CBS snagged the interview "get" of the evening, taping an interview with President George W. Bush in the Oval Office and Air Force One to air during an 8 p.m installment of 60 Minutes II Wednesday (a two-hour edition of parent show 60 Minutes also focuses on 9/11 at 7 tonight). The network's Early Show offers a five-hour edition at 7 a.m. Wednesday, an hourlong CBS Evening News at 6:30 p.m. and a rebroadcast of the documentary 9/11 at 9 p.m.

    ABC's Peter Jennings has his own town hall discussion planned, as a new edition of his Answering Children's Questions special airing on Wednesday. The alphabet network's coverage kicks in at 9 p.m. Tuesday, with the two-hour film Report From Ground Zero, featuring the recollections of firefighters and based on the book by bestselling author Dennis Smith. Expect daylong coverage Wednesday from Good Morning America to World News Tonight, with a break at 5 p.m. for local news and a special edition of Nightline at 11:35 p.m.

    Fox likely will offer network news broadcasts from 8 a.m. to noon Wednesday, along with a two-hour commercial-free special, 9/11 -- The Day America Changed at 8 p.m. On Tuesday at 10 p.m., PBS presents America Rebuilds, a documentary on efforts to reconstruct the World Trade Center site.

    Also at 8 p.m. Wednesday, PBS will rebroadcast its Frontline documentary, Faith and Doubt at Ground Zero, followed by A Requiem for September, a performance of Verdi's Requiem by the New Jersey Symphony Orchestra and soloists from Rider University's Westminster Symphonic Choir.

    All cable news channels have daylong stretches of coverage planned Wednesday, with Fox News reconstructing the attacks and examining the hunt for Osama bin Laden. CNN likely will emphasize its hard-news roots in stories from the United States, Afghanistan and elsewhere. MSNBC plans to continue its regular prime-time lineup of shows, with Donahue, Hardball with Chris Matthews and Ashleigh Banfield: On Location all expected to reflect 9/11 themes.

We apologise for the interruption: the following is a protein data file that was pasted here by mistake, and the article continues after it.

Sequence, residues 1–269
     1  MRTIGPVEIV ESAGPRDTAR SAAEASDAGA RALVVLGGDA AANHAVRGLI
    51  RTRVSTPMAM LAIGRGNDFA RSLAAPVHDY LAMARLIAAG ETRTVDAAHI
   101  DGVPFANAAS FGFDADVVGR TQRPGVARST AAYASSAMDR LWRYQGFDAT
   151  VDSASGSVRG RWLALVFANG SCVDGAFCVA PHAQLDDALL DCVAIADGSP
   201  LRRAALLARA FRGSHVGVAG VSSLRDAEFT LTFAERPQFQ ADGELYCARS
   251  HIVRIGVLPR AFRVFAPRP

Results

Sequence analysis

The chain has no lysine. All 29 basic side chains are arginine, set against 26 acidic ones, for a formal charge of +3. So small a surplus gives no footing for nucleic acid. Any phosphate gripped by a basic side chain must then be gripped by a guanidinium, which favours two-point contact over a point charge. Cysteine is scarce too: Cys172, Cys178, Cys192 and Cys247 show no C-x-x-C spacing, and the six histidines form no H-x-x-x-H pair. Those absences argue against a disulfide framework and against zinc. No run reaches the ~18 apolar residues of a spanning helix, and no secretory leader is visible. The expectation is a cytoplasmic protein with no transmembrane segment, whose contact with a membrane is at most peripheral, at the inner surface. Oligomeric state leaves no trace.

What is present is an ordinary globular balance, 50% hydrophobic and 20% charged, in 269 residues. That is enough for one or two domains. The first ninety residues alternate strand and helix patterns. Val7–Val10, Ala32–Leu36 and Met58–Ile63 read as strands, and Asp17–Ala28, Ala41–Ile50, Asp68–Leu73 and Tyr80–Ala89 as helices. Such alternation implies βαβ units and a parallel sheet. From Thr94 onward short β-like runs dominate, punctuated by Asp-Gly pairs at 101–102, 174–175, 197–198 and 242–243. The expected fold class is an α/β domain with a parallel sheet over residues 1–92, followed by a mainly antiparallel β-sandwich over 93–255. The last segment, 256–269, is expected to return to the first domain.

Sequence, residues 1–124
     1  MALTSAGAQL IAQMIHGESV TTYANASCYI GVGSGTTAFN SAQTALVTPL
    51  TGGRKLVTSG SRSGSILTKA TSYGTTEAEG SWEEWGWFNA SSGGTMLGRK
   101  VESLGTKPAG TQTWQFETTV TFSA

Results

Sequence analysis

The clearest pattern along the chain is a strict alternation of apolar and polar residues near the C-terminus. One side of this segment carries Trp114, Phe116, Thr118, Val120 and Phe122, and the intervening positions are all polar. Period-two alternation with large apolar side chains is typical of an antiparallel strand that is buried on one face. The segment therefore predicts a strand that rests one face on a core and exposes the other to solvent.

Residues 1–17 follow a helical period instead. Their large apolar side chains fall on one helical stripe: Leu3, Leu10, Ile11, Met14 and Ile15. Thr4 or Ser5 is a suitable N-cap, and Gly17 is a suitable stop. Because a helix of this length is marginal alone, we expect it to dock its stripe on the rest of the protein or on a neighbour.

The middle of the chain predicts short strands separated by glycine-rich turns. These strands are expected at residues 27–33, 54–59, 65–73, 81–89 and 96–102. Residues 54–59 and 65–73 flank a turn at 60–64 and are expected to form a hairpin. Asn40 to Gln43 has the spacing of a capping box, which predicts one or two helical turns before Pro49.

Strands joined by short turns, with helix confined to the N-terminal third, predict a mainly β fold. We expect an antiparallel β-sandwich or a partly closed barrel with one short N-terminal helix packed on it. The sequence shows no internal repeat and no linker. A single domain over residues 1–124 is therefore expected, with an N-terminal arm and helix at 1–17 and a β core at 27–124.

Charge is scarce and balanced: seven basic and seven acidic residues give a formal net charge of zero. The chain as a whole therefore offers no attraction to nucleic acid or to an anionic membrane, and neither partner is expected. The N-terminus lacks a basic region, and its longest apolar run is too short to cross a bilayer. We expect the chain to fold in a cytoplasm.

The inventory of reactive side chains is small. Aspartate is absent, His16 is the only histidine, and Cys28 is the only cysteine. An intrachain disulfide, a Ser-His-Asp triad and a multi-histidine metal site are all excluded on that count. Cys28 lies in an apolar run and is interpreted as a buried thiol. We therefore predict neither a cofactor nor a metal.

Elsewhere on cable: Showtime at 8 p.m. Monday presents Reflections From Ground Zero, nine short films by New York University students, hosted by Spike Lee. MTV on Tuesday begins 31 hours of coverage with inspirational music videos and discussions with musicians and viewers about terrorist attacks.

    Discovery Networks (TLC, Travel Channel, Discovery Health) goes commercial-free Wednesday with shows including Discovery Channel's 8 p.m. telecast of Portraits of Grief, victim profiles based on the long-running New York Times series.

    HBO at 8 p.m. Wednesday will rebroadcast its documentary In Memoriam: New York City, 9/11/01. Sundance Channel at 8 p.m. Wednesday presents 9 Views 9/11, nine short films by New York-area filmmakers.

    -- Material from Times wires was used in this report.